How will the Ukranian conflict end?

With a process, not a bang or a whimper

Military personnel
(Image credit: (REUTERS/Baz Ratner))

Early in the Cuban Missile Crisis, President John F. Kennedy mused to his brother and other members of the Ex-Comm that the presence of American Jupiter missiles in Turkey, and the subsequent shift in the balance of world power that created, had probably triggered the rapid Soviet up-arming 90 miles to the South of Miami.

On the first day of the crisis, October 16, when pondering Khrushchev's motives for sending the missiles to Cuba, Kennedy made what must be one of the most staggeringly absentminded (or sarcastic) observations in the annals of American national-security policy: "Why does he put these in there, though? … It's just as if we suddenly began to put a major number of MRBMs [medium-range ballistic missiles] in Turkey. Now that'd be goddamned dangerous, I would think." McGeorge Bundy, the national security adviser, immediately pointed out: "Well we did it, Mr. President."

Once that was straightened out, Kennedy himself declared repeatedly that the Jupiter missiles were "the same" as the Soviet missiles in Cuba. Rusk, in discussing the Soviet motivation for sending missiles to Cuba, cited CIA Director John McCone's view that Khrushchev "knows that we have a substantial nuclear superiority … He also knows that we don't really live under fear of his nuclear weapons to the extent that he has to live under fear of ours. Also, we have nuclear weapons nearby, in Turkey." The chairman of the Joint Chiefs of Staff, Maxwell Taylor, had already acknowledged that the Soviets' primary purpose in installing missiles in Cuba was "to supplement their rather defective ICBM system." [Via The Atlantic]

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McNamara would later say, adroitly, that the Cuban Missile Crisis was a domestic political problem for Kennedy. The challenge: either convince Americans that Cuban missiles were not any more of a threat than the Jupiter missiles were to Russia, or agree to get rid of the irritant — the Jupiter missiles — in the first place. The latter course is exactly the one Kennedy arrived at, with no thanks to his trigger-happy advisers.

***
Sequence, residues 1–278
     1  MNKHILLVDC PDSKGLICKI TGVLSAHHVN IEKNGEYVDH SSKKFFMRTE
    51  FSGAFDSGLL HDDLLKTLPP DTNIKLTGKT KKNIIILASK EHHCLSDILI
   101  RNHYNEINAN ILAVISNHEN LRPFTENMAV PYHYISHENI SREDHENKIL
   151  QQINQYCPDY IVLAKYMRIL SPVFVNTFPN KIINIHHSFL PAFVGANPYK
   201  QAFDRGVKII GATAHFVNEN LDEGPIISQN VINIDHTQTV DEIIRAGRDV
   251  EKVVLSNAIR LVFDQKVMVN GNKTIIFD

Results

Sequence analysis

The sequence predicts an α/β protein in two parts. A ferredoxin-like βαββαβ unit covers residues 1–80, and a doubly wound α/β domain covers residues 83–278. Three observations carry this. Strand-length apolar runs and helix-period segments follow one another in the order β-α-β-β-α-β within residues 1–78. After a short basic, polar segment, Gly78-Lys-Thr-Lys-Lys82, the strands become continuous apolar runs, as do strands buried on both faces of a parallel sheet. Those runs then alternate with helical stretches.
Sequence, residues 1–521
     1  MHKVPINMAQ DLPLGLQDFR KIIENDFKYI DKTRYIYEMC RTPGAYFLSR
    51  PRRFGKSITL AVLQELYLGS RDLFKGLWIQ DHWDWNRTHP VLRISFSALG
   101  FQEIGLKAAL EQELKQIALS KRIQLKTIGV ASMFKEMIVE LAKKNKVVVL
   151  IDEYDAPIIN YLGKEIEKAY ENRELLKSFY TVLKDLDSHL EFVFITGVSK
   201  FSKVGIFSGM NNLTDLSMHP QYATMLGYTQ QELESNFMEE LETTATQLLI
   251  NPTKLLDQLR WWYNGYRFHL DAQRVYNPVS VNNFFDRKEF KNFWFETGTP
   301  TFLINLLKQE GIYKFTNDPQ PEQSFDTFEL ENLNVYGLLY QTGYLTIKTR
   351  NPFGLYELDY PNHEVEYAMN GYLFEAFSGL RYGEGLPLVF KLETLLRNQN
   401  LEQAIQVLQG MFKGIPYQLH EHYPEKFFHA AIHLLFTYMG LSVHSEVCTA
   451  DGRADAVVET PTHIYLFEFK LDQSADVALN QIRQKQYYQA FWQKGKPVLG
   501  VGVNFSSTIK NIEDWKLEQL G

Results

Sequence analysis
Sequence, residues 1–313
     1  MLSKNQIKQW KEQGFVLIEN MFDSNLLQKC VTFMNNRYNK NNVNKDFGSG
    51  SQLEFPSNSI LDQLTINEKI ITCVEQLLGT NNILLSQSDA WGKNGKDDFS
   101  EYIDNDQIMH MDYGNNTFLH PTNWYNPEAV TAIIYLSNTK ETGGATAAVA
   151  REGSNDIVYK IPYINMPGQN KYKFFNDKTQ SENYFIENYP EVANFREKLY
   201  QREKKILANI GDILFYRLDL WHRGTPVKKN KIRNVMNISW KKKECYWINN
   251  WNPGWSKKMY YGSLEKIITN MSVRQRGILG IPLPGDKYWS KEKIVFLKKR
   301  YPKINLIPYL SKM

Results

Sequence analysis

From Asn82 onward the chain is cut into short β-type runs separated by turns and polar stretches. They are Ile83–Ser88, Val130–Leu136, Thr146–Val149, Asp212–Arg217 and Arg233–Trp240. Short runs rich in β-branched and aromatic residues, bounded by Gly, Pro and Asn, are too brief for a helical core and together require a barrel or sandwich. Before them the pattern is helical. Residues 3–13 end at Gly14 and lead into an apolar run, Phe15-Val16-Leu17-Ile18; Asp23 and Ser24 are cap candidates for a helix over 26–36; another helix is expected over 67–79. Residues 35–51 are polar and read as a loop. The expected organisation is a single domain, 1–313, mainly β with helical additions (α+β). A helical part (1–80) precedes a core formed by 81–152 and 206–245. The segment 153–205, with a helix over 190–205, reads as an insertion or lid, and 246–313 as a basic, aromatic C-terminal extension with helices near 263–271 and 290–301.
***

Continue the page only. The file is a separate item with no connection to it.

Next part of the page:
How does the world extricate itself from a vehicle that looks like it's leading to war? Look at the domestic politics of Ukraine. The endgame here, and the functional goal of the United States and NATO, is NOT to pull Ukraine across the line into an insoluble economic and political relationship with Europe. Indeed, NATO membership for Ukraine has never been on the table. It would alienate Russia far too much and would be, frankly, unnecessary. Ukrainian independence, an ability to choose freely between Russia and the West, is a more sustainable status quo.

The overthrow of the government might have been Putin's casus belli, but it does mean that NATO will need to offer, along with carrots to Ukraine, the threat of a stick to Russia. As Christopher Dickey suggests, it might come in the form of a security guarantee, one that promises to defend the Ukrainian right to self-determination over the long-term. The long-term is key: This crisis will simmer for awhile. A process that allows Putin to claim that he successfully defended the Russian minorities in Ukraine without going to war, along with one that recognizes a future government legitimized by future elections (subject to UN or OSCE monitoring), is the proximate endgame. (I hope).

Both the West and Russia are going to have satisfy the demands of domestic politics. And NATO has a vested interest in actually mobilizing against Russia, for once, even if it does not intend to fight. Even if Putin knows that the West would never invade, a larger, well-coordinated NATO force, with weapons hot and red lines established, is simply not something he can easily ignore. Indeed, a NATO mobilization would give him the pretext to endorse or propose a process of sorts.

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Marc Ambinder

Marc Ambinder is's editor-at-large. He is the author, with D.B. Grady, of The Command and Deep State: Inside the Government Secrecy Industry. Marc is also a contributing editor for The Atlantic and GQ. Formerly, he served as White House correspondent for National Journal, chief political consultant for CBS News, and politics editor at The Atlantic. Marc is a 2001 graduate of Harvard. He is married to Michael Park, a corporate strategy consultant, and lives in Los Angeles.